"You know, God has some really weird kids, and I find it hard to be in their company most of the time."
--Paul "Bono" Hewson

#4 of 12 OFFLINE   Michael Reuben

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Posted July 01 2004 - 03:37 AM

Quote:
Looks like I'll have to scrounge to find the earlier release of Mohicans on DVD

Not if you want the theatrical version. Both DVDs to date have the version that Michael Mann re-edited. The big difference between them is that the earlier version wasn't enhanced for 16:9, and the image was soft and blurry.

The only source I know of for the theatrical version in its OAR is laser disc. There were two LDs; the initial release had a stereo PCM track, while the later THX-certified version had an improved image and added DD 5.1.

Quote:
I don't understand why there hasn't been a kick-ass SE of this film - surely it deserves one!
For whatever reason, Mann didn't want any extras, not even a trailer.

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#5 of 12 OFFLINE   rutger_s

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Posted July 01 2004 - 03:55 AM

Last of The Mohicans was released back in Mann's "I don't extras to ruin the movie" days. So both DVDs were made under his supervision and as such have no extras & are his preferred cut.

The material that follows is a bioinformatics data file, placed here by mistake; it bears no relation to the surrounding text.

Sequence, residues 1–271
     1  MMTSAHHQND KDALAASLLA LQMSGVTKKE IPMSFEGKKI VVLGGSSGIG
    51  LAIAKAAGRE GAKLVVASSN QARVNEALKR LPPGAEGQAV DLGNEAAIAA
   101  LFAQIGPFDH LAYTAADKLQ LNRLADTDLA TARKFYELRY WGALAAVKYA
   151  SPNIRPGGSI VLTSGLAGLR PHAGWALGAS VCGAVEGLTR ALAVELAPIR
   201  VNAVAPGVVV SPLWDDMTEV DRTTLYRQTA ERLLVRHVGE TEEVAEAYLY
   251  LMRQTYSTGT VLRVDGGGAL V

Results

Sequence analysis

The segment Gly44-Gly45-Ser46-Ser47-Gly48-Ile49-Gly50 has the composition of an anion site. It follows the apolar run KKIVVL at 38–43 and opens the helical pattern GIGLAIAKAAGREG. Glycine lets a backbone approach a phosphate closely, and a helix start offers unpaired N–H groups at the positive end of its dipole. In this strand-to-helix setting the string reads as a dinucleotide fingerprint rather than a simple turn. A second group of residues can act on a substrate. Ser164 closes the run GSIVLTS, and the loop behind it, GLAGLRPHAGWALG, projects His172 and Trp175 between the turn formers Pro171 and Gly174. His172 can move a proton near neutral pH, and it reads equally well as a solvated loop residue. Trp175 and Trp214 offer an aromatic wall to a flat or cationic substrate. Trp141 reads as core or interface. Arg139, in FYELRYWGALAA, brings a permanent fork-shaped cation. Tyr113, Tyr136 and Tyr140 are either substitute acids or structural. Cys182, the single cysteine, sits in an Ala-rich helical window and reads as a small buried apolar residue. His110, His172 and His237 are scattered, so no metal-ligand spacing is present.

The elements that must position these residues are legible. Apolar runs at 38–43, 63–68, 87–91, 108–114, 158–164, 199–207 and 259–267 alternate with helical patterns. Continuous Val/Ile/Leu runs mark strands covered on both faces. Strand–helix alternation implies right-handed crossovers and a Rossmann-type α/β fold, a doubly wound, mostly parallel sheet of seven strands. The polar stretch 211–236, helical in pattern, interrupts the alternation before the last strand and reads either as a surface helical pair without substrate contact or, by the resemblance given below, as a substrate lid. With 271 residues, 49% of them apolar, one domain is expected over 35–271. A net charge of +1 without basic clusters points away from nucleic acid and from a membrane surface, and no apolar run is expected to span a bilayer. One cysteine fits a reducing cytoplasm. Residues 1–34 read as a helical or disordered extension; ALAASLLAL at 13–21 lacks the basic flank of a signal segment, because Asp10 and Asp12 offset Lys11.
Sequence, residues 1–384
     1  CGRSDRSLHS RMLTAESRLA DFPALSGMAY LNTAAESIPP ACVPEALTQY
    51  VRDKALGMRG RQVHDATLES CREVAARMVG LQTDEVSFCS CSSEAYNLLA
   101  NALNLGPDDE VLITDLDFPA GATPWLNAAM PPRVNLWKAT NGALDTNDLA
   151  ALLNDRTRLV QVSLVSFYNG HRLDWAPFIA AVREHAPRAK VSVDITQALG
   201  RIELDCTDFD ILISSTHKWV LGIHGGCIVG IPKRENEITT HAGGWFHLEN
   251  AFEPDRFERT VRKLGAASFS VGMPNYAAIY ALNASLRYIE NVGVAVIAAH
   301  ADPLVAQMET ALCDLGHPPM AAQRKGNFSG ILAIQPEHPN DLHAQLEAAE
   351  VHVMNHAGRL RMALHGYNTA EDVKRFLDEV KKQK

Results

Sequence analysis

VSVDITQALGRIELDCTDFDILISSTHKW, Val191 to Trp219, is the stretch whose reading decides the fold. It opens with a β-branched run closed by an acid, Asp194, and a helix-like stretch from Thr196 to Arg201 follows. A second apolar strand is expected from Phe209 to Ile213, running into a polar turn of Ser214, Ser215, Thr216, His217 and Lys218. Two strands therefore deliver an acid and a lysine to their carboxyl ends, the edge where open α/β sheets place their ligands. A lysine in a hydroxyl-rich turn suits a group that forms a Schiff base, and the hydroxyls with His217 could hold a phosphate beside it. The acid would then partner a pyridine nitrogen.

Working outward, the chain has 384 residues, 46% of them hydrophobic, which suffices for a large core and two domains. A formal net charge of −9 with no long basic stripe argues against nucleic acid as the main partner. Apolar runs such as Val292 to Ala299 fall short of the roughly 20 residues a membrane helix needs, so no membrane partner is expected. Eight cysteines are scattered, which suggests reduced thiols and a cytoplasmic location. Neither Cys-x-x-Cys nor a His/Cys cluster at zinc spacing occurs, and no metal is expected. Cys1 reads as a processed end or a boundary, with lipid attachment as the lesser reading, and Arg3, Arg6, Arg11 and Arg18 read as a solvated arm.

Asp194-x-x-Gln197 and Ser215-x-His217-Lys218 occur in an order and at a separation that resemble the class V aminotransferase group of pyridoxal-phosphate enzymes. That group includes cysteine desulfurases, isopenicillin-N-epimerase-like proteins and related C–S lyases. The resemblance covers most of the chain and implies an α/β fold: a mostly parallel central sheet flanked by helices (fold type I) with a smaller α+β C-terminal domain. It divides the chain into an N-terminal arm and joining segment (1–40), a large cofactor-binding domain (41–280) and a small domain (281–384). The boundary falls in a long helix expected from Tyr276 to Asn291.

If you really want the theatrical version and are multi-region capable, Warner has released it in the Australia with the theatrical cut and as an extra, the isolated score.

#6 of 12 OFFLINE   Michael Martin

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Posted July 01 2004 - 04:17 AM

I don't have multi-region capability.

Looks like I am screwed, unless an SE is ever done for the film.

Have to admit, I find Mann's attitude more than a bit perplexing and frustrating. Especially since every other one of his movies on DVD has at the very least a theatrical trailer included. Ali and Manhunter have director's cuts with multiple special features.

What gives?

"You know, God has some really weird kids, and I find it hard to be in their company most of the time."
--Paul "Bono" Hewson

#7 of 12 OFFLINE   Matt Pelham

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Posted July 01 2004 - 04:17 AM

I've noticed that as well. I don't actually think it's quite 1.85:1 though. I think it's closer to 2:1. You'll notice at beginning and end of the movie the correct 2.35:1 AR is shown, then it cuts to the MAR when the movie actually starts.

I remember the WS Star Wars Trilogy VHS tapes were slightly MAR'd as well, something like 2.20:1.

#8 of 12 OFFLINE   rutger_s

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Posted July 01 2004 - 05:36 AM

Quote:
Ali and Manhunter have director's cuts with multiple special features.

These were released AFTER Last of The Mohicans. Michael Mann has given in to providing and participating in special features for DVD.

Previously, Mann has okayed minimal extras without his inclusion in them. For example, the original Manhunter featurette does not have any new interviews with Mann.